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L. Nally, G.W. Ousler, T.B. Emory, M.B. Abelson; A Correlation Between Blink Rate and Corneal Sensitivity in a Dry Eye Population . Invest. Ophthalmol. Vis. Sci. 2003;44(13):2488.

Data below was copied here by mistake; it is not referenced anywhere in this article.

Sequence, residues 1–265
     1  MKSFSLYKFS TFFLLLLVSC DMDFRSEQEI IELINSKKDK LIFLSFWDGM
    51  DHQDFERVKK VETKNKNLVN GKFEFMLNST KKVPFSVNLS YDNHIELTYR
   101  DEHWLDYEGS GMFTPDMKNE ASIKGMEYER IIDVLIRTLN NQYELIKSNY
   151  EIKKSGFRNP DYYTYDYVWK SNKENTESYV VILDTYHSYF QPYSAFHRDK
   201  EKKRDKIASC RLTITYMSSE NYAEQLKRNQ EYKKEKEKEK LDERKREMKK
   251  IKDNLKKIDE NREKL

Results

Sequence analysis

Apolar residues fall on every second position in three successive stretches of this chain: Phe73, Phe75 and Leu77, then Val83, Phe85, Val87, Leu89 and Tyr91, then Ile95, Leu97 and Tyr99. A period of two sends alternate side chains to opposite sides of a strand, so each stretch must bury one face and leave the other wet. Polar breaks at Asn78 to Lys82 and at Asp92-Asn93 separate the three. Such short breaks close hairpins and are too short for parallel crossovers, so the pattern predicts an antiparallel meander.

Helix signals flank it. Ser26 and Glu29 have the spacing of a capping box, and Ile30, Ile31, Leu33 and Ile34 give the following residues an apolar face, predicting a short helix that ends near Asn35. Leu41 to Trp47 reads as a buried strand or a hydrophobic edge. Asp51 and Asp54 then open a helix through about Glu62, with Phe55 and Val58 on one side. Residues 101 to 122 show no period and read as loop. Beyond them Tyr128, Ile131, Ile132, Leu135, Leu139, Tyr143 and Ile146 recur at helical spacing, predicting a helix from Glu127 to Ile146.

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Purpose: Many factors such as environmental conditions, systemic medications, age, visual tasking and emotional state have shown to influence blink rate. Researchers have also determined that 73% of patients diagnosed with dry eye report ocular discomfort within 1 second of tear film break-up time. Since blinking is responsible for re-establishing a tear protected ocular surface, it is believed that the awareness that precedes ocular discomfort may be one of the driving factors in causing this physiological response. The purpose of this study was to investigate the relationship between blink rate and corneal sensitivity. Methods: Twenty-nine (29) subjects, 21 diagnosed with dry eye and 8 normals underwent examinations including a slit-lamp biomicroscopy evaluation, corneal sensitivity measurement and blink rate. Corneal sensitivity was determined with a Luneau Cochet Bonnet Aesthesiometer (model # 8305). Blink rate was measured with a digital micro-camera equipped with an infrared illuminator that tracks the diameter of a subject's pupil. This device was mounted to a headset and directed towards the eye so that complete blinks (defined as >95% decrease in pupil diameter) could be measured non-invasively. During the blink rate evaluation, subjects were isolated and completed a standard visual task. The inter-blink interval (IBI) or time between blinks was calculated from the blink rate measurements. Results: Subjects diagnosed with dry eye were grouped as having either Low Corneal Sensitivity (LCS) (defined as ≤ 4), n = 9 (mean = 2.55), or Normal Corneal Sensitivity (NCS) (defined as > 4), n = 12 (mean = 5.63). Mean IBI was 18.62 seconds in LCS eyes and 5.83 seconds in NCS eyes (p = 0.006). All normals had NCS, n = 8 (mean = 5.88). Mean IBI for this group was 10.58 seconds. Conclusions: The data shows that approximately 42% of the dry eye patients have reduced corneal sensitivity and that these patients blink less frequently than those with NCS. Further, dry eye patients with NCS blinked almost twice as frequently as normals. A possible explanation for this difference is that normals have a longer tear film break-up time, providing greater protection of the ocular surface during the IBI. Clearly, these findings have diagnostic and therapeutic relevance.
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